But the problems are wider than individual parties. This is in fact a crisis of representative government. There is currently no viable pathway for resolving problems through the institutions of government, hamstrung by a low quality of democracy.

The crisis worsens as voters stay away or do not even register to vote. And there are additional potentially troubling signs, especially the withdrawal of the youth from the political landscape and the fact that unemployment is particularly high among the youth, even among those with matric or tertiary qualifications.

Conditions of schooling continue to reflect the existence of “two nations”, with schools accommodating primarily black scholars lacking basic facilities for satisfactory learning, including persistence of unsafe conditions, in defiance of court orders.

Distrust of state institutions

Against this background, very few people have confidence in the performance of institutions of state to deliver on their mandate and perform the duties assigned to them under the Constitution, and relevant legislation.

And this mistrust of the state was greatly aggravated by State Capture. 

Numerous institutions have been affected by State Capture in that many of the services which departments of state were supposed to deliver were put out to tender and, in the process of selecting service providers, billions of rand in fraud was committed and monies were wasted and lost without the goods that were needed being provided.

Although some institutions, like the judiciary, have performed well, the judiciary itself faces sustained attack from sections of the political stratum, together with assaults on the Constitution itself.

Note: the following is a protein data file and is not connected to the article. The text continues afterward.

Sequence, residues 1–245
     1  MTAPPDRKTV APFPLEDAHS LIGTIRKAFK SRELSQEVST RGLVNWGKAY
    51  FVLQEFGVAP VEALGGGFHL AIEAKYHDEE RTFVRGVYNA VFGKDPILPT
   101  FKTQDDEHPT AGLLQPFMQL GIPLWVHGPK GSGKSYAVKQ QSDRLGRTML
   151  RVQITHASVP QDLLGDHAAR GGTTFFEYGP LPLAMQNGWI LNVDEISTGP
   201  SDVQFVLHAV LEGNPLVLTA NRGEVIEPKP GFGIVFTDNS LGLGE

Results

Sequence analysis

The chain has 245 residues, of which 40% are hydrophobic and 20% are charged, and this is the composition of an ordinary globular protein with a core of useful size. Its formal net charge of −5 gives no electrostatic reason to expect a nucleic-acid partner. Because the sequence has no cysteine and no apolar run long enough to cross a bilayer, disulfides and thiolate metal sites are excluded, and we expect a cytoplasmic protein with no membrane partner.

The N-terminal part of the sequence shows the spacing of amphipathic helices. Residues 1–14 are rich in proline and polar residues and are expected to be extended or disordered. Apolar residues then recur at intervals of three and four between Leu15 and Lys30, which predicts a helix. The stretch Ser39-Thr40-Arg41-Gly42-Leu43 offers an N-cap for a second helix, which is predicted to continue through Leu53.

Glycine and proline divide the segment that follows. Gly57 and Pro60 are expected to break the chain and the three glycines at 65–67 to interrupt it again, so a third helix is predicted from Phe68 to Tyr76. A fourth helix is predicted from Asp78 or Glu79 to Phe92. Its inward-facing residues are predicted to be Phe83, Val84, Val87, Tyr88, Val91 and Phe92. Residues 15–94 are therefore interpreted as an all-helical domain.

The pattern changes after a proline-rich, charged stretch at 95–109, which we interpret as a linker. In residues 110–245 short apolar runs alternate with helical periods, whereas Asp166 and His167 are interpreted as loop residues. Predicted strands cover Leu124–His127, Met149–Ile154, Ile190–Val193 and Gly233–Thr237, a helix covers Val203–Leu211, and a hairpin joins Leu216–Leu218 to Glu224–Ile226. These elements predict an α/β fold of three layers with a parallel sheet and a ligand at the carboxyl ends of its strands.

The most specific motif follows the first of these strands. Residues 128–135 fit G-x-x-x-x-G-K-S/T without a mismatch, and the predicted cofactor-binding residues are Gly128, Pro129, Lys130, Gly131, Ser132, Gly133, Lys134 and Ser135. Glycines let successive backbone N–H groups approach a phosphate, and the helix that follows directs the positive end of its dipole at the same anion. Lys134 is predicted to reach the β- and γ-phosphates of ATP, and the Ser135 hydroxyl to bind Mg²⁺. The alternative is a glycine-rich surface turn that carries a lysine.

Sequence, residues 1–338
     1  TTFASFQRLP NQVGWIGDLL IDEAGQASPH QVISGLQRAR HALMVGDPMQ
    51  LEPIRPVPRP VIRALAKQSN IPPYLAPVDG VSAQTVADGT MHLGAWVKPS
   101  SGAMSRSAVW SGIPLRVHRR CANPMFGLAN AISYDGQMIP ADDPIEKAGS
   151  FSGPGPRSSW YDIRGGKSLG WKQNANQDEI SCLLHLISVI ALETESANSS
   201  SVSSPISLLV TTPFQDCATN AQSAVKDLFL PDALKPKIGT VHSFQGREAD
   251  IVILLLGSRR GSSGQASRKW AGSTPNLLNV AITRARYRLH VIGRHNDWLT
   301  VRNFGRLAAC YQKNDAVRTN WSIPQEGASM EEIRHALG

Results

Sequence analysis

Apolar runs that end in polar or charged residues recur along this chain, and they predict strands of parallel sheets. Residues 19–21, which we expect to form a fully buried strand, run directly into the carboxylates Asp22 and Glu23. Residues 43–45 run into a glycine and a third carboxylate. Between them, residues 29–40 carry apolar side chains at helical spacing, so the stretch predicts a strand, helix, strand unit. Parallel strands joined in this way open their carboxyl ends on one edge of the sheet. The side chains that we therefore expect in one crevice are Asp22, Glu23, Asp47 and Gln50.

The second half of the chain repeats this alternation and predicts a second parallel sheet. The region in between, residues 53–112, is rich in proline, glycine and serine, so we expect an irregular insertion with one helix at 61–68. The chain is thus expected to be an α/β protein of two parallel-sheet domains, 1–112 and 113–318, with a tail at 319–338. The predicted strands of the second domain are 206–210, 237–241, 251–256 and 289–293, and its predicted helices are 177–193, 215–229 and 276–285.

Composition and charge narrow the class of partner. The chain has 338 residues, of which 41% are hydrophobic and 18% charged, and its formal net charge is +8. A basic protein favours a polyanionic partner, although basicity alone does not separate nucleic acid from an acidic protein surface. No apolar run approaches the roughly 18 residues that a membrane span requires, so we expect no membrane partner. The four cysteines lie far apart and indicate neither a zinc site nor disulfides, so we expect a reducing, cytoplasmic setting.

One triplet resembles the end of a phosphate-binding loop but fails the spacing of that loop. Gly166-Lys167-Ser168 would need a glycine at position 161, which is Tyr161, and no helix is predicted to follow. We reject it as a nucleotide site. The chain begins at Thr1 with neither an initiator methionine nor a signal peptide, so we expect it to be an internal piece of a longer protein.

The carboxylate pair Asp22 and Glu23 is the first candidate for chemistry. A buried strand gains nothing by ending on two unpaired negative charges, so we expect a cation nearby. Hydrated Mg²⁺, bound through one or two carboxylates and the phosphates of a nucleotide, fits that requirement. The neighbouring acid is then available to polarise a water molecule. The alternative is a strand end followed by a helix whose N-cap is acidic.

In this situation, it is unsurprising that citizens are despondent and apprehensive about the future of the country, and of its institutions, and are dubious about the value of their vote as the main way of securing change in remedying the present democratic crisis.

There are no easy answers to these questions. I do not have any easy answers. But I am certain that there are ways of effectively addressing the challenges faced by democratic or public institutions, and I say this based on my experiences at the South African Revenue Services – Sars. Our future is in our own hands.

What political role for people who cherish their freedoms?

At the broad political level, no one should forsake their hard-won right to vote. But it is clear that the vote is currently insufficient to bring about the type of changes that people are entitled to enjoy in our democratic state.

The three major parts of society – government, the private sector and civil society – are not aligned. They do not share agendas or have a common agenda. With regard to the state and business, each is asking the other to do something the other cannot do. Civil society is the weakest of the three; the least organised and stands outside of economic discourse, but feeling the pain of low growth.

At a political level, it is desirable for us to put some of our muscle into other organisations, outside of parliamentary and other elections, to bring pressure to bear on the authorities to fulfil the mandates with which they are vested. 

We can do this within religious organisations to which we may belong. We should act within professional organisations as lawyers, doctors, teachers, nurses and various other professionals or people in trades. We can also pursue these goals as trade unionists or unemployed people, or as women, or in other sectors.

Some organisations working for their constitutional rights at the grassroots, as with the shack dwellers movement Abahlali baseMjondolo, are subject to heavy repression – over 30 members have been murdered. I commend the Helen Suzman Foundation for adding its voice to the few who have come out in support of Abahlali’s legitimate rights.

We can also involve ourselves in older and re-established or newly established organisations that act to regain our democracy, like the Ahmed Kathrada Foundation, Defend our Democracy and Equal Education.